.- The Catholic Churchâs delegation to the United Nations in Geneva has taken âstrong exceptionâ to a reference to assisted suicide in a special report on the place of the elderly in society, despite its agreement with other aspects of the report.
âWe strongly believe that life is a gift that no person has the so-called ârightâ to end, that death is the culmination of a natural process and no person, even the elderly or suffering person himself or herself, is entitled to cause or hasten the natural process of dying through biomedical or any other means,â explained Archbishop Silvano M. Tomasi, head of the Holy Seeâs permanent observer mission to the United Nations and Specialized Agencies in Geneva.
On Sept. 16 he spoke to the 18th Session of the United Nations Human Rights Council about its special rapporteurâs study on older personsâ right to health.
Archbishop Tomasiâs criticism focused on a reference about âissues of patient autonomy in respect of deciding to end life,â though he acknowledged that the reportâs author did not treat such issues âin the context of the present report.â
The archbishop said that the Church exhorts scientists and doctors to research prevention and treatment of illnesses linked to old age without ever bending to âthe temptation to have recourse to practices that shorten the life of the aged and sick, practices that would turn out to be, in fact, forms of euthanasia.â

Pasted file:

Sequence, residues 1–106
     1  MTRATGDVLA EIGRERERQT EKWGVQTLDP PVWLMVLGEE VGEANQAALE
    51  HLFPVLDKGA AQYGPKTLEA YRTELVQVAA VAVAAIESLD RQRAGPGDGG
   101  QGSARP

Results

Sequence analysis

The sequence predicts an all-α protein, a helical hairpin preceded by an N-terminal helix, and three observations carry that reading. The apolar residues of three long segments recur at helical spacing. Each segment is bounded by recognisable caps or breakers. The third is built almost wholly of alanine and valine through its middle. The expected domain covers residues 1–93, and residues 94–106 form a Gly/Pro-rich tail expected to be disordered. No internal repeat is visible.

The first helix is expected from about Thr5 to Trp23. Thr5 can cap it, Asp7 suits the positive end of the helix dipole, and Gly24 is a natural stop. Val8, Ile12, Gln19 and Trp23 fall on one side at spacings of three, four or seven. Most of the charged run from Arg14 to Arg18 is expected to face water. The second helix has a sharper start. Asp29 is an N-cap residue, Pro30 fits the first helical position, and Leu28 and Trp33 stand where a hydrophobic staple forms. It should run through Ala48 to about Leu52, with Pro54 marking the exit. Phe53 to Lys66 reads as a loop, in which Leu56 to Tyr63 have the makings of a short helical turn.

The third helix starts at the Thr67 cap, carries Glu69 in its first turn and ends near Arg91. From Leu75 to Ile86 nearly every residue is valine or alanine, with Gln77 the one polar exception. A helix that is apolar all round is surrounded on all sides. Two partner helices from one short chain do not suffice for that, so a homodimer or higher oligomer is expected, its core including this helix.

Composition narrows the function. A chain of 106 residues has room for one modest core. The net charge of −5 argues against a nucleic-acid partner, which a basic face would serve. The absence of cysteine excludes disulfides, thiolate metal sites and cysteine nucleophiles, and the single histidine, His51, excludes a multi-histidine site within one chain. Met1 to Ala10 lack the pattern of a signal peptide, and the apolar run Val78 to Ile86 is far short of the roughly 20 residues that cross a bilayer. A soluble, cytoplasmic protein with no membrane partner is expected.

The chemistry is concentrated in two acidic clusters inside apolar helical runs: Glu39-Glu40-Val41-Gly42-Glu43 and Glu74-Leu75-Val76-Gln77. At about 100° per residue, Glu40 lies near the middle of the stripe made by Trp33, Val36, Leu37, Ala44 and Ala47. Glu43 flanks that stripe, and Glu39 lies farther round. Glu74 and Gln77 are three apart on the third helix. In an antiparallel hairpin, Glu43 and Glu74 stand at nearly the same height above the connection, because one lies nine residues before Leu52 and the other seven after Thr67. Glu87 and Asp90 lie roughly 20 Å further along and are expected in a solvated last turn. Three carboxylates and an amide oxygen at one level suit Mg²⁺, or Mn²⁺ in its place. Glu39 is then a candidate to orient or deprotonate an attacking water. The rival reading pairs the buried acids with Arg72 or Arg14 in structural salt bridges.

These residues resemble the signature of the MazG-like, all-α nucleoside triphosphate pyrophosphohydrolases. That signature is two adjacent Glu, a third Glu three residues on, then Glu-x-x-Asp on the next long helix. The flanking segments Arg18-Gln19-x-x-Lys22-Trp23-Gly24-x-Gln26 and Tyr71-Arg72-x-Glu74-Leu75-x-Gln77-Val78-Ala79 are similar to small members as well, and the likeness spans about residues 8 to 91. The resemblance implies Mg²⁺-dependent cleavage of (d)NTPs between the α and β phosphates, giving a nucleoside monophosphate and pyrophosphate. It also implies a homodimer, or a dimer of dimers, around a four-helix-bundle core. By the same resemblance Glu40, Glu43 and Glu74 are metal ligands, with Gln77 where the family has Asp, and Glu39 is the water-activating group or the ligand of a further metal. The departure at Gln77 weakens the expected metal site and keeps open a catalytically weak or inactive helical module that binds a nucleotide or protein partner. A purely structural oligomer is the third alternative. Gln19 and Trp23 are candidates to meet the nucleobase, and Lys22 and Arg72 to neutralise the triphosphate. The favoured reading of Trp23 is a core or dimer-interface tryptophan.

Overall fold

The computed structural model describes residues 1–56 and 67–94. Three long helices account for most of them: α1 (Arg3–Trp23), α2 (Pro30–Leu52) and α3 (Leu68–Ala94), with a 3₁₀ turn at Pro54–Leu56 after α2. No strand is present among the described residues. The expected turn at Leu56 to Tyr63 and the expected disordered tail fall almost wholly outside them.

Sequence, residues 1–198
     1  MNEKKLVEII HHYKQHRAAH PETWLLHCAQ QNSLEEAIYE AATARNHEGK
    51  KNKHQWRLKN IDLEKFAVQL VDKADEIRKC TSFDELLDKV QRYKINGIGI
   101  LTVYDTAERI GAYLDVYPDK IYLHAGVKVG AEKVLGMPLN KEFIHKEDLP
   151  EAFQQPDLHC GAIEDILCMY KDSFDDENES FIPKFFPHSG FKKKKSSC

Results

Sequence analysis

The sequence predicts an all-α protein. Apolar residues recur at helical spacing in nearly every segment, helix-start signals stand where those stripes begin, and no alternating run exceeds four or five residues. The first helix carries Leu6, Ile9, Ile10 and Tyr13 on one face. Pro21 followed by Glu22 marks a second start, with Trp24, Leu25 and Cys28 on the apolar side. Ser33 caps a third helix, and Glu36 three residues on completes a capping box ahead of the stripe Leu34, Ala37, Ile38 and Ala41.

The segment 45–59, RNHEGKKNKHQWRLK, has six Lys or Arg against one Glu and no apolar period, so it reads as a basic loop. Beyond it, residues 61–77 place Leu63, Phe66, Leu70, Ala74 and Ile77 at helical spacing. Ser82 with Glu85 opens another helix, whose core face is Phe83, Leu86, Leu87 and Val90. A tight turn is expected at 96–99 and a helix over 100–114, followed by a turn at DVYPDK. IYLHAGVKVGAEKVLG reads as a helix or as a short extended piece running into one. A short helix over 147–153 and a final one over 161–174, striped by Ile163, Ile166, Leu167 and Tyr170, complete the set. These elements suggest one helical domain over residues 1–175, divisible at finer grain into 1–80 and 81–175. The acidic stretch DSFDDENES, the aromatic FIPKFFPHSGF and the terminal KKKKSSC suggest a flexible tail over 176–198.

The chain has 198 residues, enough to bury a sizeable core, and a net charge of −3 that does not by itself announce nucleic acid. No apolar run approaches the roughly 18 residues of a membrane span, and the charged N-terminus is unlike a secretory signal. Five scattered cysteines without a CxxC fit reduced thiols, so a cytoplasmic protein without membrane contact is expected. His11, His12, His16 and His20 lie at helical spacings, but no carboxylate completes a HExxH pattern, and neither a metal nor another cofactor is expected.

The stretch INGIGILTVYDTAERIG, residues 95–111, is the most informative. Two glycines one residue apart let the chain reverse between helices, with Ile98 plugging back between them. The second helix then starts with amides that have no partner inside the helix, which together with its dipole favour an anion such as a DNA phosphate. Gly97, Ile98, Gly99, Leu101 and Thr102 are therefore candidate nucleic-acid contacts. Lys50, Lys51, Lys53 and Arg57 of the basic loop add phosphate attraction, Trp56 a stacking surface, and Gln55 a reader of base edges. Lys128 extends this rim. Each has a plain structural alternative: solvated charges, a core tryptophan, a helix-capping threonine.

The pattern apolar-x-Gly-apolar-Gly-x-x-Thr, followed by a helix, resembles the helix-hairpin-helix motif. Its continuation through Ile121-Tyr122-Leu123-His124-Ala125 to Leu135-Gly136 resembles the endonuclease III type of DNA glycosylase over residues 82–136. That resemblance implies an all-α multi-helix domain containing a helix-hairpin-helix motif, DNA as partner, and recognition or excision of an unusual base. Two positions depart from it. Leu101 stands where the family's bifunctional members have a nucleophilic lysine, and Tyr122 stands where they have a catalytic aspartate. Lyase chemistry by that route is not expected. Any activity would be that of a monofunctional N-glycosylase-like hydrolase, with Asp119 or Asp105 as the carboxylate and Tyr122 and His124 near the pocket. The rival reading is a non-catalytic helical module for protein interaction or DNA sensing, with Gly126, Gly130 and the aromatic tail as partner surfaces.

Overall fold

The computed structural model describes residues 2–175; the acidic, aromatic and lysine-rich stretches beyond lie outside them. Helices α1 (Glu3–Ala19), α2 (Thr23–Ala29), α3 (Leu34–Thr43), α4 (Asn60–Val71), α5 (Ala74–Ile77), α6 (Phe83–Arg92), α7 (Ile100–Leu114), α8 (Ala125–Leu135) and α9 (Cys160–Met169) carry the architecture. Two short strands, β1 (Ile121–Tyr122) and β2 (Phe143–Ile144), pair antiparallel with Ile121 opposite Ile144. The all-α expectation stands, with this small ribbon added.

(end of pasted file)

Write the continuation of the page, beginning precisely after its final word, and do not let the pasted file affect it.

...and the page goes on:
He said the Catholic Church sees the growing number of aging persons as a âblessingâ rather than âa burden on society.â The Church sponsors 15,448 homes for the aged, chronically ill and handicapped persons around the world.
The archbishop cited Pope Benedict XVIâs September 2010 address to a rest home in London. The Pope said that every generation can learn from âthe experience and wisdom of the generation that preceded it.
âIndeed, the provision of care for the elderly should be considered not so much an act of generosity as the repayment of a debt of gratitude,â said the Pope.
Despite his objection to the reportâs reference to âdeciding to end life,â Archbishop Tomasi expressed agreement with many aspects of the report. He agreed that states should allocate more resources for geriatric care and should train health personnel to interact with elderly patients in âan appropriate, considerate and non-discriminatory manner.â The archbishop also noted the special need to protect frail elderly persons against physical and emotional abuse by caregivers or family members.
The increase in the proportion of older persons is âcross-culturalâ and the rapporteur was âcompellingâ to say that protecting older personâs human rights should be of concern to everyone, because every person ages.
The special rapporteur encouraged a shift away from the current biomedical view of aging which sees it as âan abnormal or pathological phenomenonâ and âequates advanced age with illness.â